(SportsNetwork.com) - Generally you want to be the guy who replaces the guy who replaced the legend.
Unless you're Andrew Luck that is.
Peyton Manning did so much for the Indianapolis Colts that it's almost surreal to think Luck is far ahead of the pace the future Hall of Famer set during his first three seasons in the Hoosier State.
Whether the still emerging Luck, and perhaps more importantly his teammates, have progressed enough to take down the veteran Manning and the supremely talented Denver Broncos in the AFC's divisional round of the playoffs will be answered on Sunday afternoon.
"It was my hope and dream that this sort of situation would occur," Colts owner Jim Irsay said when taking about facing Manning. "I feel blessed that it has. I think it's going to be a great game and having these two great quarterbacks go against each other at this point in their careers is really exciting."
Manning, the five-time NFL MVP, won 26 regular-season games during his first three NFL seasons with the Colts, throwing for 12,287 yards with two playoff starts, both losses. By comparison Luck has already won 33 in the regular season, tossed for 12,957 yards and won his second playoff game last week, a 26-10 drubbing of the banged-up Cincinnati Bengals.
Manning didn't get his second playoff victory until 2003, his sixth NFL campaign.
Manning, of course, was released by the Colts in March of 2012 and the divorce was hardly acrimonious. He was attempting to recover from four different surgical procedures on his neck, and Indianapolis was focused on its future and Luck.
"(Manning) said, 'You've got to take Andrew (Luck),' (in the 2012 draft)" Irsay recalled during an interview with USA TODAY Sports. "'You have to. You're crazy if you don't.'"
The Colts proved they weren't crazy and did draft Luck with the No. 1 overall pick after moving on from Manning, who subsequently signed with the Broncos after recording a 141-67 regular-season record for Indianapolis, passing for 54,828 yards with 399 touchdowns and a 94.9 passer rating as well as guiding Indy to the playoffs 11 times, including a victory in Super Bowl XLI.
Manning hasn't slowed down a bit in the Rockies, leading the Broncos to three straight AFC West crowns and a conference championship last season while earning his record fifth MVP award.
"To be honest, even since Day 1 here, it hasn't been an issue," Luck said of the comparisons between he and Manning. "I never came in saying, 'Oh, I have to replace a legend, one of the greatest of all-time.' Professional sports people, they come and they go. Someone's going to replace me eventually, hopefully later rather than sooner."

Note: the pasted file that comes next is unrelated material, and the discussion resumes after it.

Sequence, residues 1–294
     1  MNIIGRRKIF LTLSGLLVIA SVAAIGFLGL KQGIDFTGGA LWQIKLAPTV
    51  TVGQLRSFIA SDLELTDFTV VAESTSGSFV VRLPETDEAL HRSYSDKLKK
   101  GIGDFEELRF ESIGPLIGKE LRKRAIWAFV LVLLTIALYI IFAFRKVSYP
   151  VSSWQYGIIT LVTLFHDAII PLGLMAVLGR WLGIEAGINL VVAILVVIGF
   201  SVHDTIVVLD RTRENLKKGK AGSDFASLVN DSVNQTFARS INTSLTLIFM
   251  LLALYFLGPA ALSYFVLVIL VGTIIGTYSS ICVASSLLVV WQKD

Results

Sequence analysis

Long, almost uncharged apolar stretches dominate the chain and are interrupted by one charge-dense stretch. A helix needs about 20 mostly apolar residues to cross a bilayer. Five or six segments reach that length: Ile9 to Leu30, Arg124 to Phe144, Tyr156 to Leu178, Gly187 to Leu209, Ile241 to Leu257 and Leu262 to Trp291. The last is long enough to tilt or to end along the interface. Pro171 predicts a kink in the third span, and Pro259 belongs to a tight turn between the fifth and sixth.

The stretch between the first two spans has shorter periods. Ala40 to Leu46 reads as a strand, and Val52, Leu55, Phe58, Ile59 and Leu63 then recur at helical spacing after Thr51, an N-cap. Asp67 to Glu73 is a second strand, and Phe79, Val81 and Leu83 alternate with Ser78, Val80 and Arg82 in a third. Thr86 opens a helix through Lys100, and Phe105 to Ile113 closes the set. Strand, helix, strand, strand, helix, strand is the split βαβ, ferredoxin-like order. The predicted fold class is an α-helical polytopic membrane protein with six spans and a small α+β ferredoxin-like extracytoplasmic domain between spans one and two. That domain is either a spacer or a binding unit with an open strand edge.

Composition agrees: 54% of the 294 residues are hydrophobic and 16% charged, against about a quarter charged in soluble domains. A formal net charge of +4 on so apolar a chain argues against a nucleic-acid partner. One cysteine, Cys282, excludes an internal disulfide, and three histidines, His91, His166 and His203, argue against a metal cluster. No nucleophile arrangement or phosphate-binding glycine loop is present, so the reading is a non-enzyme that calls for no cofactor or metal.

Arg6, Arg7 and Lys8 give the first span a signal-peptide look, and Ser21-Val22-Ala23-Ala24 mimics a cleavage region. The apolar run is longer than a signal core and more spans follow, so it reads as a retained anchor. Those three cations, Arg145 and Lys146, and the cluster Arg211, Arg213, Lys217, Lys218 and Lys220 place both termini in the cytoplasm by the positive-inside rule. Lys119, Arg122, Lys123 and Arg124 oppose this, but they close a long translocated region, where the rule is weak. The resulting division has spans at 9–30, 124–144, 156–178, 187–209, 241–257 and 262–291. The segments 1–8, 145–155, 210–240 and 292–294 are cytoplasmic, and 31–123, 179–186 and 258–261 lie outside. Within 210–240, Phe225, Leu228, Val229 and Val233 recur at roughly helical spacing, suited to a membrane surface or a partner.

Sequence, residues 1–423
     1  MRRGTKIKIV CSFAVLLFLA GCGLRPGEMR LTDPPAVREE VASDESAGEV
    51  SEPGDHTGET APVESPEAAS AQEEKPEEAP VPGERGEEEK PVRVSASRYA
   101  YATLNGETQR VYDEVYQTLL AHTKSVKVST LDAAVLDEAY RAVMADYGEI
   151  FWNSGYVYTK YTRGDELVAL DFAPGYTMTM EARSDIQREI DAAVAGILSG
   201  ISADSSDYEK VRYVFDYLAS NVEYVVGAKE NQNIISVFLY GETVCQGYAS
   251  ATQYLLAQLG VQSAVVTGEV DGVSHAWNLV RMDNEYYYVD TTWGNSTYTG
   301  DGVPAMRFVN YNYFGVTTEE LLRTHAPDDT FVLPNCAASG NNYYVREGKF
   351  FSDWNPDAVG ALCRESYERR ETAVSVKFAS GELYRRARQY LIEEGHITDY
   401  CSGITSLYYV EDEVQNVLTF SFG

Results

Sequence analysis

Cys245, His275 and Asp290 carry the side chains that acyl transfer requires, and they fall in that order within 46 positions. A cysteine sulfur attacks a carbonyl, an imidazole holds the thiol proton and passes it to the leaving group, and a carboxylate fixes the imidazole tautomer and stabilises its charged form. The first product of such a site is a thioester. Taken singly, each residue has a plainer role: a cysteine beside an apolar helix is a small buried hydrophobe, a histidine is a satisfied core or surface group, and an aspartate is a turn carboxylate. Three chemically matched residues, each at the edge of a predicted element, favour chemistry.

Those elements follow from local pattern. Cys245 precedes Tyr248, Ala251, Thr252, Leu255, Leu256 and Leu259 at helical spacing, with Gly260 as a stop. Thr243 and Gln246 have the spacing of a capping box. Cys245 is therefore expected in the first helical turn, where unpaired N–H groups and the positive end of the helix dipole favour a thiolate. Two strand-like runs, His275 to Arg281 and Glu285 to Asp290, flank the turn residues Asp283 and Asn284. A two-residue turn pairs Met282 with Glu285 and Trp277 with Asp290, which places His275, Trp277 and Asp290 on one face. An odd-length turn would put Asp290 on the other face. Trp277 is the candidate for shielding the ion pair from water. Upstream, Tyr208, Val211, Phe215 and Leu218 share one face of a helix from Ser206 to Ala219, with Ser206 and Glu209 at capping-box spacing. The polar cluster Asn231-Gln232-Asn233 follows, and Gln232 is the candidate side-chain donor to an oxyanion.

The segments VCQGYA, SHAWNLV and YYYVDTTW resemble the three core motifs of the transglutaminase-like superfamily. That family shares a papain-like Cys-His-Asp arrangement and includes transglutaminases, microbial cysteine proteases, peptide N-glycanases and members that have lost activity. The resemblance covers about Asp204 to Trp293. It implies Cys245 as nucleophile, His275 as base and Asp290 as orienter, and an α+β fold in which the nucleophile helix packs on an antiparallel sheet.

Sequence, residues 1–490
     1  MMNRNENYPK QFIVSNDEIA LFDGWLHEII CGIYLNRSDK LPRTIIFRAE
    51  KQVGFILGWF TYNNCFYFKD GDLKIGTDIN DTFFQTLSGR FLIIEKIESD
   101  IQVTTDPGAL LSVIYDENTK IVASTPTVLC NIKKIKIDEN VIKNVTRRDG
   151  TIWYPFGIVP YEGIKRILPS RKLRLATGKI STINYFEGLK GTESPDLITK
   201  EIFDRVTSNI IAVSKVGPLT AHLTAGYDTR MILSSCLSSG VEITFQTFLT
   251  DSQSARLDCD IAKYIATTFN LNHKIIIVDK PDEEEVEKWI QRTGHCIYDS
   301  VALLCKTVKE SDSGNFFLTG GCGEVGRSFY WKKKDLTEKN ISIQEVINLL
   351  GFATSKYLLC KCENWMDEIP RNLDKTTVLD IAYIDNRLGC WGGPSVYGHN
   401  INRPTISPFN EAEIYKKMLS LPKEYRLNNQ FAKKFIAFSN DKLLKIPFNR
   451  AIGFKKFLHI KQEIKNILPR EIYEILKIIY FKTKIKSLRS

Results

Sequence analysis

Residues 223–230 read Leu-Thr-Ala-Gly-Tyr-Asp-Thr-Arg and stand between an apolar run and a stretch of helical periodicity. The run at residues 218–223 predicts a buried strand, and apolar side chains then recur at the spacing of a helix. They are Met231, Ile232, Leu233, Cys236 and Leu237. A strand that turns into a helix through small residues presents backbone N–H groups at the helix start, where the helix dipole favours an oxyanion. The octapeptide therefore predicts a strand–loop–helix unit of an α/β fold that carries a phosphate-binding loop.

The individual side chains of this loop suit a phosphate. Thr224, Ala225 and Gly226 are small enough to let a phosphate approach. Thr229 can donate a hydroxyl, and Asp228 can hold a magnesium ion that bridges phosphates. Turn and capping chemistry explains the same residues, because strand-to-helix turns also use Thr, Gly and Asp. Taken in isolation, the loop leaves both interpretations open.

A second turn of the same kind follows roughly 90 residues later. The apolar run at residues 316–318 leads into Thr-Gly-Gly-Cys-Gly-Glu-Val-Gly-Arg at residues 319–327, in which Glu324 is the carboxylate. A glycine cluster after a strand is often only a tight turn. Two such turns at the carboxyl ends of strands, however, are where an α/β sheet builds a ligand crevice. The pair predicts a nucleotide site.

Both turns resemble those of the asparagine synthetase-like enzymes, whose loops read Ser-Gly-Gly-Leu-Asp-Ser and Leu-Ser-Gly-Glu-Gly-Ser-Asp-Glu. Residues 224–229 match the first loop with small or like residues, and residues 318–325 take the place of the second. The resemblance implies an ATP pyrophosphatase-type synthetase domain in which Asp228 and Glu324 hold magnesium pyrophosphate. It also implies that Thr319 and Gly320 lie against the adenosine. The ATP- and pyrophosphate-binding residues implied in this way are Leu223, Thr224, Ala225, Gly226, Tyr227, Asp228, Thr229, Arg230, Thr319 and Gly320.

At this rate, it's going to be a lot later because Luck has quickly developed into one of the NFL's best quarterbacks. He picked apart Cincinnati's secondary last weekend, while the Colts' defense did the rest in shutting down the banged-up Bengals.
The Colts never trailed in this AFC wild-card mismatch as Luck finished with 376 yards and a touchdown through the air.
Adam Vinatieri made all four of his field goal tries, Daniel Herron gained 141 yards from scrimmage and ran for a touchdown, and T.Y. Hilton caught six passes for 103 yards for the AFC South champions.
"We played great team football and we're moving on to the next round," said Luck. "We've got a tall order playing Denver at Denver but we're excited about that and up for the challenge."
Tall order is a bit of an understatement. The second-seeded Broncos finished the regular season 8-0 at home, outscoring opponents 283-166 in those games. Over the past two seasons, including the playoffs, Denver has won 17 of its past 18 at Sports Authority Field at Mile High.
"We're excited and glad to be playing at home," said Manning. "We know our crowd will be into it and be a big factor."
Playing in Denver is obviously important for the Broncos but getting the extra week to prepare may have been more critical. Denver entered Week 17 of the regular season by listing over 20 players on its injury report and the 38- year-old Manning looked hobbled himself.
The veteran sat out all of last week's practices but returned Monday.
"It was much needed," safety Rahim Moore said of the Broncos' rest. "I needed it, our team needed it, especially guys like Peyton, who's been playing since I came out the womb."
This will be the third time Manning has faced off with Luck and the Colts. He and Julius Thomas connected for three touchdowns during a 31-24 Kickoff Weekend matchup this season, avenging a Week 7 39-33 loss in 2013.
Manning has thrown for 655 yards with six touchdowns against his former team, while Luck has piled up 598 yards and five scoring tosses in the previous two meetings.
"It's not the quarterback versus quarterback thing," Luck lamented. "We're not on the field at the same time. I have a lot of respect for (Peyton), what he does, what he still does is amazing. He's a stud. I'll worry about the Denver defense, that's what I worry about."